Cleanzine-logo-11.jpgCleanzine: your weekly cleaning and hygiene industry newsletter 20th April 2017 Issue no. 768

Your industry news - first    Number 1 for Recruitment

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It was probably only a couple of days after I grumbled in my leader that shortened hours and extra charges at civil amenity tips would lead to extra fly tipping, that I came across the article: 'Gosport's 'worst fly-tipper' is jailed after three-month spree' on Portsmouth.co.uk's website.

What a mess!

Reading the story, I realised that this crime had little to do with cost-cutting by local councils and more to do with one individual's lack of morals and desire to make more money out of removing people's waste than he was illegally allowed to. Ashley Mooney touted for business on Facebook, trading as A&M Waste Clearance, charging up to £150 a time to take away other people's rubbish. But instead of paying to dispose of it legally at the civic amenity tip, he scattered it over the beautiful Hampshire countryside, leading to his prosecution by four separate councils.* Flytipped-rubbish.jpg

He was caught after people who had paid him in good faith, to remove their rubbish, were contacted by councils when fly-tipped rubbish was found and linked back to them and when his truck was pursued by a member of a neighbourhood watch group.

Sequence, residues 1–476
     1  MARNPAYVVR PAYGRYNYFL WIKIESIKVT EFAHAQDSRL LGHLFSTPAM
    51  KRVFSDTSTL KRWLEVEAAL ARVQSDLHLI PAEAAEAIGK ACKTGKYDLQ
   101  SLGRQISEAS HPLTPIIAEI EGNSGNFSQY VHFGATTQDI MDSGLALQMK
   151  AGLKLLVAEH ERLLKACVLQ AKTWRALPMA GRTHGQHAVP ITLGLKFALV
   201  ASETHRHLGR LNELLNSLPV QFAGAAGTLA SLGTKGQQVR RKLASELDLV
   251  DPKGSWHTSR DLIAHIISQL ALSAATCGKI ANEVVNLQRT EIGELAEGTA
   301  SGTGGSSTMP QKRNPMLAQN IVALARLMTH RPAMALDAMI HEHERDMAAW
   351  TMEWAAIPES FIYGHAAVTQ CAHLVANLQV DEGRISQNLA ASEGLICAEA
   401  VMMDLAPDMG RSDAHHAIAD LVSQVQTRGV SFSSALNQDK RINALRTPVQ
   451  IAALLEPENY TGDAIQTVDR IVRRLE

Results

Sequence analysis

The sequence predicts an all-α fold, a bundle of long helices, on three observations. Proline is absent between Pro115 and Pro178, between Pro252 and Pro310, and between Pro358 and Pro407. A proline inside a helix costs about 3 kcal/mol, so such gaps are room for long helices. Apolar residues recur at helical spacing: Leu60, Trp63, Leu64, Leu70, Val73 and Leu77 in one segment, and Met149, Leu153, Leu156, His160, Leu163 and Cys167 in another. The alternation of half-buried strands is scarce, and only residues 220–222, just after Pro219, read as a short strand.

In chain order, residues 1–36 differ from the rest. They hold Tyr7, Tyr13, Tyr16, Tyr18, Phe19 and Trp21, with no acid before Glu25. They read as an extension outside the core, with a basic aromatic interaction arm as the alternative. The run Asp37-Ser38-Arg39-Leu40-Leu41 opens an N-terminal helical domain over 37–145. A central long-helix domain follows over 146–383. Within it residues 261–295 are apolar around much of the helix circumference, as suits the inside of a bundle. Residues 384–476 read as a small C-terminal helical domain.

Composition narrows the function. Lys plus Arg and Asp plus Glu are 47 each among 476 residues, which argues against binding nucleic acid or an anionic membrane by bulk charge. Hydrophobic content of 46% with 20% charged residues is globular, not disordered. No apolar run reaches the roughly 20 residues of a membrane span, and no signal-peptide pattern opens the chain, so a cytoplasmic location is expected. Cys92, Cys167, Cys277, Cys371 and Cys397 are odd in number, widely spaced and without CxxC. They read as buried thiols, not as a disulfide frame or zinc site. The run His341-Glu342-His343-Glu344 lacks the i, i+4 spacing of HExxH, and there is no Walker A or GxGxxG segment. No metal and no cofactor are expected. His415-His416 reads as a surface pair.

Having admitted to 14 charges of depositing waste without a licence, two counts of failing to comply with duties under the Environmental Protection Act, two charges of depositing waste without taking reasonable measures and a charge of failing to produce authority to transport controlled waste, he was jailed for a year. Costs to landowners and the local authorities to clear the junk are said to have totalled £8,916, while combined investigation costs reached £16,702.

That's a lot of money that could have been spent elsewhere.

Please, if you work for a local authority, (when we set Cleanzine up 15 years ago we had all the UK's authorities on our circulation) could you please do us all a favour and ensure that when criminals like Ashley Mooney are prosecuted, you let your local newspaper know what punishment has been meted out? If we can 'name and shame' and if the punishments are harsh enough, you might just deter others from blighting the landscape with rubbish.

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Yours,

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Jan Hobbs

9th February 2017




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